You're driving down the road when suddenly, you feel that one of your
tires has gone flat. While at first panicked, you breathe a sigh of relief,
knowing that your car came with a spare tire. Unfortunately for some car
buyers, this situation might play out a little differently.
Recent reports have announced that many, if not all, car companies are
choosing to forego the spare tire in place of an inflator kit. Out with
the old and with the new, all in an effort to increase fuel efficiency
and the mileage your car is getting out of each tank of gas. It certainly
Furthermore, the ability to change a tire is quickly becoming a lost art.
Even for those who do know how to replace a flat, it's often much
easier to simply phone AAA or another roadside assistance company. So
isn't this proving that we're only becoming more innovative?
Drawbacks to Inflator Kits
Unfortunately, it's not quite as black and white as it seems. Inflator
kits sound like the futuristic and simplified way to fix a flat tire,
but this short-term fix won't work for every tire problem the same
way a spare might. Tires that experience significant damage beyond a simple
puncture will require a lot more than an inflator kit to get them ready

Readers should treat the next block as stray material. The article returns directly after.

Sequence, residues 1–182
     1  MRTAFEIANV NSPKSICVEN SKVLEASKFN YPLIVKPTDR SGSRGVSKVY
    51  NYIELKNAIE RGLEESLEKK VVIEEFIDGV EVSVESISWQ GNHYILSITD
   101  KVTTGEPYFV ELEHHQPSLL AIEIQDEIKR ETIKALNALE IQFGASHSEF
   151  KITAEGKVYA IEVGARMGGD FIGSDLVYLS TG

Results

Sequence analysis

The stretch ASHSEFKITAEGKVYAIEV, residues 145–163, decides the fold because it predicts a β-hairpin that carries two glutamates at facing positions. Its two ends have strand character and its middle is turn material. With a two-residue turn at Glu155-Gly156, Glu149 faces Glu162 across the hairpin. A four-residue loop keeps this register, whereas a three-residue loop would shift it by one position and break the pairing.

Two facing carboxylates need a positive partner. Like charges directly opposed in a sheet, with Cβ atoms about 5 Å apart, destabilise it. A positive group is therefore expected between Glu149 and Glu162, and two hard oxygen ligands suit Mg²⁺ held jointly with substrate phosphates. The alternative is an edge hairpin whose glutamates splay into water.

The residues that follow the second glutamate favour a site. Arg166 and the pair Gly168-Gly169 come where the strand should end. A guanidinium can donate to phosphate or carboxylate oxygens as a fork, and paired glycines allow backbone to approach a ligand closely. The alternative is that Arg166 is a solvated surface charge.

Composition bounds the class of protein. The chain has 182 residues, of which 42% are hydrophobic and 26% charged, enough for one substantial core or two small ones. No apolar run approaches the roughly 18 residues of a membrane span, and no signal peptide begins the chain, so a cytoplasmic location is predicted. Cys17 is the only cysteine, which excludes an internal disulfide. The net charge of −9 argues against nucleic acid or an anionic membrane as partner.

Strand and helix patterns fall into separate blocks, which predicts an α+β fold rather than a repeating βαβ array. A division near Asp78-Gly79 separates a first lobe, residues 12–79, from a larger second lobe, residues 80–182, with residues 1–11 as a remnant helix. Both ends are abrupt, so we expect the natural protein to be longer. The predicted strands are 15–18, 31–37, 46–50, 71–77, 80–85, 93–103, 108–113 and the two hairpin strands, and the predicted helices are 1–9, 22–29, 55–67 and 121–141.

for the road again.
Many car dealers do provide spare tire kits, but these run upwards of $300.
It's a pricey solution for what was once already included in almost
Whether you're a first time buyer or just in the market for a new car,
this information will serve you well as you hunt for the perfect purchase.
Check for a spare tire
before you drive it off the lot and don't assume that your sales associate
will tell you differently.
Consumer Reports tested numerous cars to find out which ones no longer
include a spare tire.
Some of the major models without spares include:
- Ford Focus
- Land Rover Range Rover Sport
- Buick LaCrosse
- Toyota Prius
- Kia Soul
- Nissan Leaf
- Cadillac SRX
- Audi TT
- Honda Accord
- Dodge Dart
- Fiat 500
- Volvo S60
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